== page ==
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Chart of substitutes

Substitutes not without risks


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Substance Health effects Conclusions
Fibreglass

increased incidence of lung cancers in glass wool production workers (3)

listed by the U.S. as "a substance which may reasonably be anticipated to be a carcinogen" (4)

listed by German MAK Commission as "a substance to be treated as if a probable cause of cancer"

"Our review then examines the carcinogenic potency of glass fibers to humans in comparison with asbestos fibers and concludes that on a fiber-per-fiber basis, glass fibers may be as potent or even more potent than asbestos." (Infante et al., Am. J. Ind. Med., 1994)
Silicon carbide whiskers "Silicon carbide whiskers have the potential, at least, to cause significant immediate and long-term pulmonary damage. It appears to be more toxic than crocidolite." (Vaughan et al., Env. Res., 1993)
Glass and rock wool

IARC Class 3 “not classifiable as to carcinogenicity from humans”

Aramid fibre

has caused fibrosis and lung tumours in inhalation exposure studies on rats (1)

"exposures to these fibres should be controlled to the same degree as that required for asbestos until data supporting a lesser degree of control become available." (2)

"Results of cytotoxicity tests indicated that Aramid was as toxic to hamster trachael epithelial cells and rat lung fibroblast cells as were crocidolite and chrysotile asbestos when expressed on both an equal mass and equal fiber number basis." (Marsh et al., Drug and Chem. Toxic., 1994)
All respirable and durable fibres "Exposures to these fibres should be controlled to the same degree as that required for asbestos until data supporting a lesser degree of control become available." (IPCS, 1993)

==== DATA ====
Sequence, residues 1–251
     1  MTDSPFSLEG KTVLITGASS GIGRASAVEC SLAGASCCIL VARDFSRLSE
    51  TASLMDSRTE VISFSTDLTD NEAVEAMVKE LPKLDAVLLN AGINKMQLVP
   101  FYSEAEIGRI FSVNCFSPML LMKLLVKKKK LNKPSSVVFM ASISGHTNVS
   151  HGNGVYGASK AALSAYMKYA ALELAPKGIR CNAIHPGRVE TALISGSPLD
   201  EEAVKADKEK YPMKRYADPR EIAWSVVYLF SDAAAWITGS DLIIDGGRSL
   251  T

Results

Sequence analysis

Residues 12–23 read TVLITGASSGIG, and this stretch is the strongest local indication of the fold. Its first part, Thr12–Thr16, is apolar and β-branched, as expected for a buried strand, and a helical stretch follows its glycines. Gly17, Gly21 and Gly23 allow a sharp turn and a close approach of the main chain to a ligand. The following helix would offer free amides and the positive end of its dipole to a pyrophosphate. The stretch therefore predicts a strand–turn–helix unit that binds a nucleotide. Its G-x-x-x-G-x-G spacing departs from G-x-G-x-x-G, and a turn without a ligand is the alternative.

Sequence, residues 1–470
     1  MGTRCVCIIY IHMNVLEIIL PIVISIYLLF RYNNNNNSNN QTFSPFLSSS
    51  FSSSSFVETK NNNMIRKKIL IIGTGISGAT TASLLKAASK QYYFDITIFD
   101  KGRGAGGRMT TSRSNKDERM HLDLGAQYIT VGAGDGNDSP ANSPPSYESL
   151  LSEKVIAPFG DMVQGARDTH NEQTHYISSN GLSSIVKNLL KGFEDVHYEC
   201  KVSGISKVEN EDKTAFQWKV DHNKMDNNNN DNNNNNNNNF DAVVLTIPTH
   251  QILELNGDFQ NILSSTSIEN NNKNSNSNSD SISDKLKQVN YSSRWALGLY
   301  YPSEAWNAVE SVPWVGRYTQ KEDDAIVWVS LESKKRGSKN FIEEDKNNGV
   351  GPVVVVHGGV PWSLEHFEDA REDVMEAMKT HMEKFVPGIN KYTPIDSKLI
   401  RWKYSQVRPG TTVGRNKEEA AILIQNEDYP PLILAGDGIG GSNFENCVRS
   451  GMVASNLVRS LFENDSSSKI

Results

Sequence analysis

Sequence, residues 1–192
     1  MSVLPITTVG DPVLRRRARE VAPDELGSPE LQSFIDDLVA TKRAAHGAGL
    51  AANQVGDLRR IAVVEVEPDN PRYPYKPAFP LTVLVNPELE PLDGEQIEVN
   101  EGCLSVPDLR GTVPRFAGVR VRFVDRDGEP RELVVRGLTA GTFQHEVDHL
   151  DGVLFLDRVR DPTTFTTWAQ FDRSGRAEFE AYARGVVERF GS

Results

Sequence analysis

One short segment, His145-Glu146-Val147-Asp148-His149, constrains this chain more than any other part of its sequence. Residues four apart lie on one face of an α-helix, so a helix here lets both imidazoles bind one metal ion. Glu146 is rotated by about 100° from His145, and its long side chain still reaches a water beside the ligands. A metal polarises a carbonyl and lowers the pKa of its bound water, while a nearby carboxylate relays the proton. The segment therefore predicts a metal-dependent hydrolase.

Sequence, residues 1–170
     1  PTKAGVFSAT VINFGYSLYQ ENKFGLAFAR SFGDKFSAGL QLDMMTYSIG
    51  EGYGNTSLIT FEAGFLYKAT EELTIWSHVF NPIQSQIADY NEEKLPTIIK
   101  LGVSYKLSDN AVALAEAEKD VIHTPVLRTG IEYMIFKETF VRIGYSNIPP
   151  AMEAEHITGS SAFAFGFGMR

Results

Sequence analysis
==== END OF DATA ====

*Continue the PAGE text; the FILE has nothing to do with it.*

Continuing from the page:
Refractory ceramic fibre (RCF)

evidence of fibrogenicity and carcinogenicity in animal implantation and inhalation studies (5)

IARC Class 2B "possibly carcinogenic to man"

listed by German MAK Commission as "a substance with known carcinogenic potential in humans"

listed by the U.S. as a "probable human carcinogen"

"Both rats and hamsters exhibited dose-dependent increases in proliferation of pleural mesothelial cells following exposure to both fibre types (MMVF et RCF-1)." (Rutten et al., Fund Appl. Tox., 1994)
Magnesium sulfate fibre, calcium sulfate fibre and fibreglass "it is suggested that some of man-made fibers have a greater ability than asbestos to induce tumor." (Adachi et al., Environ. Research, 1991)
Carbon / graphite fibre

evidence of lung function deterioration in workers (1)

Phosphate fibre

intrapleural implantation in rats can induce fibrosarcomas (4)

Attapulgite

causes mesothelioma in experimental animals (7)

Wollastonite

evidence of lung fibrosis, pleural thickening and chronic bronchitis in humans (6)

(1) ILO Safety in the use of mineral and sythetic fibres, 1989, p. 40 
(2) IPCS Environmental Health Criteria 151, Selected Synthetic Organic Fibres, WHO, l993 
(3) Saracci, R. et al.(1984) Brit J Ind Med. 41:425-436 
(4) U.S. EPA, Status Report FTI-OTS-0386-0486, (1986) 
(5) Davis, JMG et al.(1983), Biological effects of man-made mineral fibres, Euro Reports and Studies: 81:p. 124 
(6) Huuskonen, M.S. et al.(1983) Environ. Res. 30:291-304 
(7) Pott, F. et al.(1976) Ann. Anat. Pathol. 21:237-246


 


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